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Summit Audio TD-100 Instrument Preamplifier

Summit recently introduced the tube-based TD-100 instrument preamp. The TD-100 is designed to give your instruments the familar warmth of Summit vacuum tube technology at an affordable entry point.

Summit Audio has spent the better part of 20 years building highly respected tube equipment for studios in need of both high-quality sound and high reliability. More recently, Summit has collaborated with Rupert Neve on the high-end Element 78 series.
Product PointsApplications: Live sound, studio

Key Features: Input impedance control, tube input stage (12AX7A), solid state headphone output.

Price: $495

Contact: Summit Audio at 831-728-1302, Web Site
Summit recently introduced the tube-based TD-100 instrument preamp. The TD-100 is designed to give your instruments the familar warmth of Summit vacuum tube technology at an affordable entry point. Which instruments in particular? Well, that is the joy of discovery. The results of my research suggest that you might want to continue experimenting for yourself.


The TD-100, which lists for $495, is a model of simplicity in that there are only two knobs – loading (for adjusting the input impedance to the instrument you are using) and output gain.

In addition to the aforementioned knobs, the front panel also features ground lift, polarity and on/off switches, as well as a 1/4-inch input jack and a 1/4-inch direct output jack, which bypasses the preamp.

The back panel features balanced 1/4-inch TRS and XLR outputs, plus a headphone out which allows the TD-100 to be used as a practice amp, or the listener to hear the TD-100’s sound uncolored by any further signal chain.

The input drives a 12AX7A/ECC83 vacuum tube, while the output utilizes a discrete transistor circuit. The half-rack TD-100 is built to Summit’s high standard for rugged design, and includes an internal power supply and IEC A/C cable.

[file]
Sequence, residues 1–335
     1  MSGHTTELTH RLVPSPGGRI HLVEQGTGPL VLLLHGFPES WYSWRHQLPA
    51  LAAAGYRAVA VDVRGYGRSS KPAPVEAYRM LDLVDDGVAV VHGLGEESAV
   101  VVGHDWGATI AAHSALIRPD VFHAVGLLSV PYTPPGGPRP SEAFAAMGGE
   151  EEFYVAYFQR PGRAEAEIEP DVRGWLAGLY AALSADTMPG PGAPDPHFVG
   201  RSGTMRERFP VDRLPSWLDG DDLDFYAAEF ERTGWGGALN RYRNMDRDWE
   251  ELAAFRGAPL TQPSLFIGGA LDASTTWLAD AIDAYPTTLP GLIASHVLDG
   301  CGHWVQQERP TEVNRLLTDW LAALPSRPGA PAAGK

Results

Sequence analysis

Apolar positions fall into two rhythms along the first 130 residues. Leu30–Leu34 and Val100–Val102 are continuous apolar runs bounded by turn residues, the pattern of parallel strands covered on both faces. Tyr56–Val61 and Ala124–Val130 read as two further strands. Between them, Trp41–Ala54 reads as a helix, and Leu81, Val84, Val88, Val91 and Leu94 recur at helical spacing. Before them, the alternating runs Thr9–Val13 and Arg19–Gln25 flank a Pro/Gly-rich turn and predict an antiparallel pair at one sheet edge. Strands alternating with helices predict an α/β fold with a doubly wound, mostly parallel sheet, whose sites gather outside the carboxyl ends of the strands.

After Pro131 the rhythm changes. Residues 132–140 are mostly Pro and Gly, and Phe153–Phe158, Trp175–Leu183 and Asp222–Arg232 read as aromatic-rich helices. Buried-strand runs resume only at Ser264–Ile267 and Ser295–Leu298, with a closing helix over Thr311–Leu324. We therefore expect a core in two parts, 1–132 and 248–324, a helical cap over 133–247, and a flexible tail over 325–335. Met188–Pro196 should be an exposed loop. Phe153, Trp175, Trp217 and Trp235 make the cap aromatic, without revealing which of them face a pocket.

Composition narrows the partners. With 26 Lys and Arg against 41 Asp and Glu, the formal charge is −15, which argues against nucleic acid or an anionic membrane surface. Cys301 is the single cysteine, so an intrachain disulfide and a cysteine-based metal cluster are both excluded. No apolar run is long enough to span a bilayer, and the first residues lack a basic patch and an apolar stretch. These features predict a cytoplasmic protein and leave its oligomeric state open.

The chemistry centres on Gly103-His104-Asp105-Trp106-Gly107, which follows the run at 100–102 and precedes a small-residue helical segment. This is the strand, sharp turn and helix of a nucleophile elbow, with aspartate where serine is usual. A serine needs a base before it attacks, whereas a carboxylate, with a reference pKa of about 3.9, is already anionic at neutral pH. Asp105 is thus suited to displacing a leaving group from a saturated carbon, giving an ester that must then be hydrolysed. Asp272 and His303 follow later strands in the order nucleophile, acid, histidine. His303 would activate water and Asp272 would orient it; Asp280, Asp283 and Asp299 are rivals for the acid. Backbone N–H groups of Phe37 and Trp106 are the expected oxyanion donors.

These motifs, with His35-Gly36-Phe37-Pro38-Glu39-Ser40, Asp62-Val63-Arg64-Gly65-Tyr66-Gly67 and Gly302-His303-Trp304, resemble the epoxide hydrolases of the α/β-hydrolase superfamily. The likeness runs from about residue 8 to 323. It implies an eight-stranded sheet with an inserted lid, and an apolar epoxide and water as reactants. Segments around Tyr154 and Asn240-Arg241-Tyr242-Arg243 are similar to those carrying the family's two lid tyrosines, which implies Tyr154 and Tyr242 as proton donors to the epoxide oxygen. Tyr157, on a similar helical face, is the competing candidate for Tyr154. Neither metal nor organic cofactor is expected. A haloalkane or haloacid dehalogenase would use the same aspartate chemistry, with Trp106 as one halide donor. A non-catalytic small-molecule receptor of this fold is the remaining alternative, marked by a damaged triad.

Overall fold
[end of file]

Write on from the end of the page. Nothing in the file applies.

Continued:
In Use

I first tested the TD-100’s performance on bass guitar in my home studio. I pulled out my trusty old Music Man, hooked up a set of headphones directly to the unit, adjusted the input impedance and listened. The bass sounded warm and full and very useable for tracking.

Later, at another studio, I took out a junk Bradley bass that was hidden away in the closet. I had vivid memories of the lack of tone from this instrument and I decided to see if the Summit could make it sound better. It worked; after some additional experimenting with the impedance knob, I found a setting that spoke the misunderstood Bradley’s language. All of a sudden, this downtrodden piece stored in the hell of disused instruments produced a full, round and very usable sound. But it was back to the closet for Bradley, since the TD-100 was going with me.

Next, I tested the TD-100 on a variety of guitars. Most guitarists will tell you that a “direct only” recording of a guitar – with no amp or microphone in sight – is far from ideal, though the Summit held a few surprises.

On one recording I was able to get a good rhythm guitar track with a Stratocaster using its neck pickup and running it direct to the TD-100. Think “All Star” by Smash Mouth. On another track, adjusting the input impedance allowed me to get a more Stevie Ray Vaughan-like tone, especially when I cranked the output gain.

The TD-100’s only failing as a “direct-only” box occurred while recording a solo utilizing the bridge (treble) pickup. After trying several different guitars, I found this combination to be a bit too bright to be truly useful. The TD-100 is, however, a great tool for cutting dry, direct guitar signals to tape for “re-amping” at a later time. I also successfully used the unit to record an acoustic guitar using a dual mic/direct setup and mixing to taste. The direct sound from the TD-100 added an interesting flavor to the microphone sound and helped to solidify the midrange of the guitar track. A healthy combination of both signals made it in the final mix of the project.


Summit has added a fine piece to its catalog. If you own a studio and need a reason to buy the TD-100, you need look no further than its abilities for bass tracking. It could save you and your customers’ time and money finding the proper sound. Add in the preamp’s ability to enhance the sound of other instruments and you have a valuable addition to your studio setup.


Cakewalk SONAR workstation, M Audio Delta 66 interface; Shure KSM-44 and Oktava MC-102 microphones; Mackie 1604 mixer; TASCAM DA-88 DTRS recorder; AKG K240 headphones; Fender Stratocaster, Hamer Archtop and Takemine guitars; Music Man Cutlass and Bradley basses.